Everything looks like it’s all from Thailand.
Oh yeah, in the scene we flick from certain scenes we shot inside Tring immediately, which was actually six months before in Bangkok. It’s pretty amazing what they pulled off.
What was the energy and mood like on set? We got to interview Tahar last week and he said that to get into his character, it was also about everyone else around him, so even off-camera he would interact less and differently. Would you say it’s the same case for your role?
No, not really. I feel like Charles, when you read all about him he has an aura, and I think it’s that control element as well. For someone to walk in the room and have everyone kind of obey him. I’ve experienced a similar thing before playing Queen Victoria, and it’s a power. How do you play power? How do you project power, and the point is you can’t project it. We discussed that really early on, it’s not about how I walk into a room, it’s about how everybody else reacts when I walk into a room. And that’s kind of how you find power, it’s really not about playing it. But with Marie-Andree, she was a lot more introspective and internal and is more on the sidelines kind of watching. And in a way, Charles is kind of her compass that she operates completely around on, so she’s more reactive. So I definitely had a very different approach because the character was so different from Tahar.
How about the energy on set?
The energy was incredible! Tom Shankland is so freeing as a director. We weren’t stuck to marks or continuity or blocking things in a certain way. Which is just, cool, everyone do what they want. It kind of helped us, it made everyone feel really collaborative and creative. Because we would be shooting something and then the guys behind us are kind of improvising their own scene, like making drinks in the bar. It was very free, the feeling of it was very free. It was really lovely for all the cast, but also made it have that kind of authentic lived-in vibe.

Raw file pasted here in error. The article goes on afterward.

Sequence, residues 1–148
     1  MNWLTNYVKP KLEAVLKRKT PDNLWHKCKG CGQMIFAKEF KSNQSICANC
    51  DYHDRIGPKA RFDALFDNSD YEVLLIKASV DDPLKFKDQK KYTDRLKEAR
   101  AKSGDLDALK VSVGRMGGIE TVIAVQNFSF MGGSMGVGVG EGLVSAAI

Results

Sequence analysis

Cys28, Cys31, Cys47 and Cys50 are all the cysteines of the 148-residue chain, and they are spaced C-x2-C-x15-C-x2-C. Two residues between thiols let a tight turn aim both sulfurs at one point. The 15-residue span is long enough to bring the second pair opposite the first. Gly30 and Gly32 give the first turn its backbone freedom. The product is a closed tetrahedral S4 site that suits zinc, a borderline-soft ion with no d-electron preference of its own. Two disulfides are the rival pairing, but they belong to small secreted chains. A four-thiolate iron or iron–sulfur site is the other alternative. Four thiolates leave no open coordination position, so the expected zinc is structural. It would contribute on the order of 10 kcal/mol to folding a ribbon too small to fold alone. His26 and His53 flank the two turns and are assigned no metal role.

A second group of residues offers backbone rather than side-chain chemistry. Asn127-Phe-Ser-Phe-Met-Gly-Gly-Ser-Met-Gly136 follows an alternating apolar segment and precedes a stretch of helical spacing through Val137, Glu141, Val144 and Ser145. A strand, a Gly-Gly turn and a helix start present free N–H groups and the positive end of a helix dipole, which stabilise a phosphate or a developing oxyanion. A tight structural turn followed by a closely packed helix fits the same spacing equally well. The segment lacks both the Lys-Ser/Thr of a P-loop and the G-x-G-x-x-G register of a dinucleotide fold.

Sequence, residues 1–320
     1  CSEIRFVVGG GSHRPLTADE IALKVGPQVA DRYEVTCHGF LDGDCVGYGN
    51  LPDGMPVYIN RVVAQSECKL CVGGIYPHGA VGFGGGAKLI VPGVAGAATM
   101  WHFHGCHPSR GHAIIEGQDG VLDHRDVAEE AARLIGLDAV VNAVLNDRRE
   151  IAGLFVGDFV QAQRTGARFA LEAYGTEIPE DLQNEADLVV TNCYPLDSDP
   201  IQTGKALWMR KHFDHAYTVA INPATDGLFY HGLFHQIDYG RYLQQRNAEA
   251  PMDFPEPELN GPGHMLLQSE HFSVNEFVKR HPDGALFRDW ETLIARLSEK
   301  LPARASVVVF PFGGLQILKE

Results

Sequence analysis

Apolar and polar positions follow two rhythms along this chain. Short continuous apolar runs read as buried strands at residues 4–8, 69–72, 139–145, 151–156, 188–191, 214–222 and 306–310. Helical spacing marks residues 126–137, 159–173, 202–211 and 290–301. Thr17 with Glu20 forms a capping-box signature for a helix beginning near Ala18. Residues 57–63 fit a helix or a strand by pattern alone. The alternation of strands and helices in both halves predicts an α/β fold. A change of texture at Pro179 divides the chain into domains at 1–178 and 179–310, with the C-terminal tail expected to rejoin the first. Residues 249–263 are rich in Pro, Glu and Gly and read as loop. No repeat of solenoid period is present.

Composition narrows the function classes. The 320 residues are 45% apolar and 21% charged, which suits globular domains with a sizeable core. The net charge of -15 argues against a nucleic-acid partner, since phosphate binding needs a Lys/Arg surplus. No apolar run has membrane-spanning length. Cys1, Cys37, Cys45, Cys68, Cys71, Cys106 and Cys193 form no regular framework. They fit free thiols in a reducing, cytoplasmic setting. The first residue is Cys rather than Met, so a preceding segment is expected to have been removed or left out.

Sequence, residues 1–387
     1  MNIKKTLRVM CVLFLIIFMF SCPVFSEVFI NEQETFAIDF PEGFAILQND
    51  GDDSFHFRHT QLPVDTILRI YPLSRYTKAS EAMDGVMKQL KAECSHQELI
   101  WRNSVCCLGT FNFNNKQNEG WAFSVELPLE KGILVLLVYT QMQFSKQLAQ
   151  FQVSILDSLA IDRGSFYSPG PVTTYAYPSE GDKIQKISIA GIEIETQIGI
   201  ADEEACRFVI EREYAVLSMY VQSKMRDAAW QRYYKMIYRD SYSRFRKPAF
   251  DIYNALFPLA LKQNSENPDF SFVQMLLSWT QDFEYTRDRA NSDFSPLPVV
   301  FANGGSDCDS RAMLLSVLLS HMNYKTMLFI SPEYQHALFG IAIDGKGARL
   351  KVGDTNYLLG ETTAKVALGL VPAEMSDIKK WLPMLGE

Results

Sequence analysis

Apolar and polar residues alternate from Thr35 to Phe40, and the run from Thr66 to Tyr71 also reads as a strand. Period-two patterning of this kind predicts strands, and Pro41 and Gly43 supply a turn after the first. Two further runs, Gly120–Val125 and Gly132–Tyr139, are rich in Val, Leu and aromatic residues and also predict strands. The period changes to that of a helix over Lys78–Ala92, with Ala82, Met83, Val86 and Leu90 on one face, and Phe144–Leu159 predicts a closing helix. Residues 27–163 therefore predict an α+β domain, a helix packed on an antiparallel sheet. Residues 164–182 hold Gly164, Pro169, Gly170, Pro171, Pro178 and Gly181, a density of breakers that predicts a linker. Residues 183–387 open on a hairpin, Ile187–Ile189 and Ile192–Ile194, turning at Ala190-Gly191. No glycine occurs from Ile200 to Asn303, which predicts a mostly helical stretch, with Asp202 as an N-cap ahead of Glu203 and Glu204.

Let’s talk about the 70s fashion in ‘The Serpent.’ Was it able to help you get into the character?
Yeah, of course. Costume. For me, voice and costume are just major parts. If you don’t feel right in what you’re wearing, it really changes the way you walk, the way you feel, they way you sit. It informs everything. We had such fun to play with the costume in terms of the duality of Marie-Andree and Monique. How she becomes the person that Charles kind of invents, this character he wants her to be there to play. The journey of Marie-Andree from the very devout religious girl who’d never really traveled from home, little life experience, to the more killer’s accomplice. The more glamorized. We always had her reading magazines, because it was like she was kind of the outsider, she didn’t like herself. So she didn’t want to be Québécois. She wanted to be Parisian. She wanted to be the girl in the magazine, she wanted to be what Charles wanted her to be, I suppose. There was real fun in playing with those.
We spoke a lot about a very dark Brigitte Bardot as being an initial image for her. Me, dark-haired, and I was part wigged as well. As the series goes on, we really messed around with the costume and the makeup to become the undone, unraveled woman. Almost looking as if she was wearing like yesterday’s makeup. You know, like breaking her in a bit. The journey of all the costumes was really, really fun. And also, we use a lot of vintage stuff as well, found in the markets. Like old vintage kimonos and things like that.
If you were given the chance to meet Charles Sobhraj in person, what would be the first thing you will say to him?
Ooooh. Oh. Oh, god! That is a question! I’m not sure I want to talk to him. The thing is, I maybe want to ask him how he was able to garner such immense, almost unbreakable power over people. But I just know he would never give me a straight answer. Like I feel like it’s almost… I wouldn’t really want to look him in the eye is the honest truth. [Laughs]